ABC is trying comedy at 8 pm (along with NBC), with the reliable Shark Tank as a back stop at 9 pm.  Tim Allen opened big last year Wednesday at 8 (a 3.6 rating for the premiere and a 3.1 the second week), but Last Man Standing was soon around a 2.5 for most of the fall, then around a 2.2 in February before finishing the season consistently under a 2 in April and May.  The show is just not very funny, but there might be enough Tim Allen fans on the older end of the 18-49 continuum to slightly improve the time period over Extreme Home Makeover‘s 1.1 last fall in the hour.  We are projecting a 1.2 rating from 8:00-8:30, but ABC could very well see signs of life from the new comedy Malibu County at 8:30.  Reba McEntire is the star and reason for the show’s existence (although Lily Tomlin as her mother isn’t chopped liver), and what we’ve seen so far looks like it’ll appeal to her fan base.    Perfectly suited for a Friday night audience, Malibu County should build on its lead-in to a 1.4 rating, with possible upside.  At 9 pm, Shark Tank should be able to keep building audience for ABC, most likely to a 1.6 rating (a decent upgrade from the 1.4 rating for the second hour of Extreme Home Makeover).  At 10 pm, a combination of 20/20 and Primetime: What Would You Do? should hold last fall’s 1.3 rating.  From 8-11 pm, ABC should average a second-place 1.4, up a significant 9% from last fall.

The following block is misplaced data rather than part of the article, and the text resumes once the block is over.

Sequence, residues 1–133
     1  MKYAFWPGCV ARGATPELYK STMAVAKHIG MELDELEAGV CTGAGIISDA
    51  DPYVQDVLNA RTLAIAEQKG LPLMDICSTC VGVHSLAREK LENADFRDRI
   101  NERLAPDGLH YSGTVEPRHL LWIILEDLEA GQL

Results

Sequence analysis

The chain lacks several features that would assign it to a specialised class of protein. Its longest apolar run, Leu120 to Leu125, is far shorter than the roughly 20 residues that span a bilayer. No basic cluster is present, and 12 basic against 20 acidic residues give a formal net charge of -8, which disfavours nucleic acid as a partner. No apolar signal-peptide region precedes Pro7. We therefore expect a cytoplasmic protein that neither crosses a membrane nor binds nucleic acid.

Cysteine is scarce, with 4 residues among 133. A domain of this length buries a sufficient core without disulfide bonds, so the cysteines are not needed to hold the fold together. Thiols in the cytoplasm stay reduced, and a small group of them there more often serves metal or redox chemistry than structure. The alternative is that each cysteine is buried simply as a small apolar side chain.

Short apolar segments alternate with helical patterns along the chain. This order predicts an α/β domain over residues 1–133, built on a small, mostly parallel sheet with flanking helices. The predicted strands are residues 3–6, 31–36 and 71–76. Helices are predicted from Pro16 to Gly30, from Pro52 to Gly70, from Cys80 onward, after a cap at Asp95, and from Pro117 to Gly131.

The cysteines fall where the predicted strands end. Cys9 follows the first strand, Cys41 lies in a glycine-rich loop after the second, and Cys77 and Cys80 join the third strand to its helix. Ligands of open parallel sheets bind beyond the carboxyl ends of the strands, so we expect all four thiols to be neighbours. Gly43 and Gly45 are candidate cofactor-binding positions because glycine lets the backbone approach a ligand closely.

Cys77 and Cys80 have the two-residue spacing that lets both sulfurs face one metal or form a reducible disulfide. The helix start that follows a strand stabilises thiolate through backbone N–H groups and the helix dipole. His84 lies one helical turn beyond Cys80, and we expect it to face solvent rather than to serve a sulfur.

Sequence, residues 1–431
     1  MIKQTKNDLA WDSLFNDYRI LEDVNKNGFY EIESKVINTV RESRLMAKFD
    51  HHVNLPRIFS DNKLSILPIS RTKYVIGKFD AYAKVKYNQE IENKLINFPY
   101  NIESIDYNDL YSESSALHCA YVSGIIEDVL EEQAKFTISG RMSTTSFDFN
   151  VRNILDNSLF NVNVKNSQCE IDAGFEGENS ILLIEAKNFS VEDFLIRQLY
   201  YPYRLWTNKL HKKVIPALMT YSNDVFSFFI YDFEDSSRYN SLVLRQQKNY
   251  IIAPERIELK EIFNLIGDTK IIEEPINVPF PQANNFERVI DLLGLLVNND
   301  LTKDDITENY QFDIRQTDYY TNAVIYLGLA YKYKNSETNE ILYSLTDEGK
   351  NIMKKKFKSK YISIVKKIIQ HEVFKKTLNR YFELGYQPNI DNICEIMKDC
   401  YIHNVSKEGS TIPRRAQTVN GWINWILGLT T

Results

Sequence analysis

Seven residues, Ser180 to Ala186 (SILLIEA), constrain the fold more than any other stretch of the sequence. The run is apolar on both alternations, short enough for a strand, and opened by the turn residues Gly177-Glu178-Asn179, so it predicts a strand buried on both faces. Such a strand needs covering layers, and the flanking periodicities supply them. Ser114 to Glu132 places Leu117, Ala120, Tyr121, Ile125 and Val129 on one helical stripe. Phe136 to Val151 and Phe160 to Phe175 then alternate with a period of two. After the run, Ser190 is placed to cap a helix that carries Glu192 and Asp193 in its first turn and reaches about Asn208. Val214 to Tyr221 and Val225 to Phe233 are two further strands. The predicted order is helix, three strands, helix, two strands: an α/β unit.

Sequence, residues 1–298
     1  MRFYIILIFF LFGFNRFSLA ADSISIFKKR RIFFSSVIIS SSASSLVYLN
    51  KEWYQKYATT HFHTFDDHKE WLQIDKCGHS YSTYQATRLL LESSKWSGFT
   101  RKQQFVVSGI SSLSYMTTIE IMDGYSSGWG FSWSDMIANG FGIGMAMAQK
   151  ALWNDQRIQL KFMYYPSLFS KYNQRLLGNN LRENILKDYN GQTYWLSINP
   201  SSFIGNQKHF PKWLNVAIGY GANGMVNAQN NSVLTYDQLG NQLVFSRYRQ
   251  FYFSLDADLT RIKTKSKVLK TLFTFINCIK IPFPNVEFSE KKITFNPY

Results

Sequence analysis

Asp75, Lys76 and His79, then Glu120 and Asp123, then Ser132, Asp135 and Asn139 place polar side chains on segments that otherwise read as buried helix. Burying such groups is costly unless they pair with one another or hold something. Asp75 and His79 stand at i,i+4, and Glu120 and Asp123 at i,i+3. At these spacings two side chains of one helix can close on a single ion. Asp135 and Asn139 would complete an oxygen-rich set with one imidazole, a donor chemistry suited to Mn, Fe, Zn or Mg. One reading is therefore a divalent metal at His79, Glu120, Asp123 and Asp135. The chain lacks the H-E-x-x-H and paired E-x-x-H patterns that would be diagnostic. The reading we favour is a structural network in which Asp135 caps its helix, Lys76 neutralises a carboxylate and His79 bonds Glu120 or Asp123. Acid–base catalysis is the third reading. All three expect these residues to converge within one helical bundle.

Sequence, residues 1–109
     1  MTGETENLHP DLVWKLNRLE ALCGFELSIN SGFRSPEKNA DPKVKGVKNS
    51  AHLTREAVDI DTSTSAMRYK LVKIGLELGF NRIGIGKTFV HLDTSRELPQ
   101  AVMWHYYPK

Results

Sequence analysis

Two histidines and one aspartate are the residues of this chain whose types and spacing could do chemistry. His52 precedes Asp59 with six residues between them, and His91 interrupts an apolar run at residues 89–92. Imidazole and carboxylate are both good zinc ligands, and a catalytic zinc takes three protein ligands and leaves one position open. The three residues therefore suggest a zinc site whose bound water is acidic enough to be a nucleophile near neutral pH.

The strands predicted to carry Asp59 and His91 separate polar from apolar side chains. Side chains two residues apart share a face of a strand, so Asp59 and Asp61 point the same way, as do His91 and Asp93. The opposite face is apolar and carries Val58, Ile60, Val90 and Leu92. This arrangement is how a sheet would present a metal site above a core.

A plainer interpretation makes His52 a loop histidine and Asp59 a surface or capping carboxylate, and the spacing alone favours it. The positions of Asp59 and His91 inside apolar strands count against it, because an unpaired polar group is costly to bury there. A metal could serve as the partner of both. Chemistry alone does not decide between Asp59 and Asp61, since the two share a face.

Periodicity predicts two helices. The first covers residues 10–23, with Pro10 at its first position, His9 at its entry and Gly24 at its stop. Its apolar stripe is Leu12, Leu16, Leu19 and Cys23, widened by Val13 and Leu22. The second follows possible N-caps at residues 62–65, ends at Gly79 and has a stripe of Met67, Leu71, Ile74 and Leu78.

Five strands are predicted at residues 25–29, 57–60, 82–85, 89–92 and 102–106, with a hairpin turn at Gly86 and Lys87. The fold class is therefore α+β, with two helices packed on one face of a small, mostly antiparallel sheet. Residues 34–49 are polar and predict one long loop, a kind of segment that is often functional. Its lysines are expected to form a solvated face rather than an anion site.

NBC will have a more difficult time with its comedy hour.  Whitney is, well, Whitney.  And the well-written Community is losing its creator/showrunner/guiding spirit.  Even if there were no changes behind the scenes at Community and if the show produced its most brilliant season, Friday at 8 is a tough place for upscale programs.  The two comedies should slightly underperform Chuck originals in the hour.  Nonetheless, Grimm could shake off the reduced lead-in and match its fall average (1.7 rating for originals).  If only Grimm had a stronger lead-in, it might even have been able to grow a tenth or two in its sophomore year.  Dateline became extremely wobbly last year, and with ABC’s What Would You Do? in the time period many weeks, Dateline could suffer a decline of a tenth of a rating point or more to a 1.3 rating.  Overall, the night looks like a 1.3 rating from 8-11 pm, a slight decline of 4% from last fall and a third place finish.